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Bike Fit considerations for Women
A little bit of house keeping first - Fridays seem to be a bit tough for the weekly article with my appointment schedule at this time of the year, so I will experiment with different days in the next month or so before settling on a consistent day that works best. I *think* it will be Tuesday, but I appreciate your patience as I sort this out and get this publication up and running…
And now, to this weeks article in women in cycling!
As you likely read in the first ever article here, there is a fairly substantial discrepancy between the amount of men and women I see in my fitting studio and it is something that is important to me as women working in the cycling industry, which is still very much male dominated.
The women specific bike market has gone through many phases over the years and while the 'shrink it and pink it' approach to bike design for women seems to be mostly behind us (thankfully) with manufacturers recognizing that women come in all shapes and sizes and have different riding goals, there is still work to be done for women specifically within the bike design and fitting space.
No one wants to tolerate pain and discomfort, yet so many women tend to either put up with it, thinking that it is a normal part of cycling, or they simply stop riding because they think cycling is painful. While some women certainly seek help, many do not - which is what will be discussed in a bit more detail below.
In my fitting practice, I have been seeing an average of 65% men and 35% women each year. This has been a somewhat consistent stat since 2017 (I didn't keep track between 2006 and 2017, but I suspect that trend was even worse) and last year, I turned to social media to get some perspective from others. The responses I got were interesting:
Lack of awareness of what a bike fit is and why it is needed
Time to get it done. Appointments are lengthy and there seems to be guilt associated with taking time away from work and/or family
The feeling they do not deserve it because they are not very fast or ride a substantial amount
Not knowing who to go and see for a bike fitting
These issues go beyond discussing actual bike fitting issues like saddle related discomfort, numb hands, sore back, etc - They are about mindset and education, so instead of writing a long winded article on this, here is a different approach:
10 things I want to shout off a rooftop for all women cyclists to hear
You deserve to be comfortable on a bike, regardless of how fast you are or if you consider yourself recreational or serious
You should get the same treatment and overall bike fitting experience, attention to detail, etc regardless of your ability level, how much you ride or what bike you ride
A bike fitting an investment in YOU. You work hard, so you deserve it 100%!
You don't need to have a fancy bike to get a bike fit. I worked with a lot of cyclists whose bike was about the same price as the fitting appointment.
Speak up, share and ask questions during the bike fitting appointment. No topic should be off limit, you should feel safe, comfortable and the environment should be welcoming and non judgmental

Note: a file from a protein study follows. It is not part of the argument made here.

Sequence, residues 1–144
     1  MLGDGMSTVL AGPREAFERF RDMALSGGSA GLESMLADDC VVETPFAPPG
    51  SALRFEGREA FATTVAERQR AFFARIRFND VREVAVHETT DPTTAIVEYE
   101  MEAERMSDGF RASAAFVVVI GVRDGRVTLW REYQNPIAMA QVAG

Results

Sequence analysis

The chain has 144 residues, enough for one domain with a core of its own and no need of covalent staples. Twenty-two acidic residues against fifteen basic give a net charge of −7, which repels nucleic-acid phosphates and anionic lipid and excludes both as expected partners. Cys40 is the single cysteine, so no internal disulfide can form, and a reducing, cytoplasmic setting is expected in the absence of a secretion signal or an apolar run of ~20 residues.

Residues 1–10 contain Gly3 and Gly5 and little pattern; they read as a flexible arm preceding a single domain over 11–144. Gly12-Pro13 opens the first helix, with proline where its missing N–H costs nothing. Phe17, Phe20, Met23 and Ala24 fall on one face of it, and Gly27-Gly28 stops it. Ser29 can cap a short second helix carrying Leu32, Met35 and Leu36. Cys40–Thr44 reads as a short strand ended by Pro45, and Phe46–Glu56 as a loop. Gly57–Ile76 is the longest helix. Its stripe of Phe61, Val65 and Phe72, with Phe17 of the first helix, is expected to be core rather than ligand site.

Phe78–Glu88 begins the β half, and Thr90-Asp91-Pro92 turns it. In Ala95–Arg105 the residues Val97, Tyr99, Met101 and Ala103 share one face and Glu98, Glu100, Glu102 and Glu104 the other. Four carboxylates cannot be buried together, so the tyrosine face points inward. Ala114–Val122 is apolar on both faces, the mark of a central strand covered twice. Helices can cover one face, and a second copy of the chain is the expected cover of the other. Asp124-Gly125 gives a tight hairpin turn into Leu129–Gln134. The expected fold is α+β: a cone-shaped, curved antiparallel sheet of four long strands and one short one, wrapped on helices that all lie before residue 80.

It's OK to 'interview' a few professional bike fitters before choosing the one you want to work with. A bike fitting is an investment and its rarely a 'once and done', so pick someone you feel comfortable working with, who you can trust and build a positive working relationship with.
There is a very good chance you do not need a women specific bike, but you might need some new parts to make sure your bike fits you like an extension of yourself. Be prepared to invest in the contact points - saddle, handlebars and shoes (+ insoles). Your fitter should have no trouble guiding you through the process, should be as unbiased as possible (ie. not try and sell you something) and should be able to make recommendations that fit all budgets, big or small. One size does not fit all & there are solutions for everything!
The bike is a symmetrical object, while the human body is asymmetric and dynamic by nature. This is the puzzle that needs to be solved for pain free riding ad performance.
To build on point 8 - Everyone's body changes over time, but women bodies will go through additional changes. You should have your bike fit adjusted by a professional to meet you where you are and potentially come up with a progression plan, if and as needed (refer back to the point 6)
And because this needs to be said again - A bike fitting an investment in you. It should be fun, educational and an opportunity to learn about you and your bike. You work hard, so you deserve it 100%!
I am always curious to hear other people’s thoughts, so comment below and share your them, especially if you are a women who rides bikes… Did you get a bike fit? If yes, what prompted you to do so? If you didn’t, what has been the biggest barrier you are currently facing before getting one?
That is all for this week’s edition of Endurance Collective! I hope you found this article valuable & interesting. If you are not a subscriber yet, hit the button below and share this post with others who might be interested.
If you found this article valuable, you can ‘buy me a coffee’ on Ko-Fi (if we’ve met, you know that I will very likely use the money to buy coffee, and/or coffee beans…)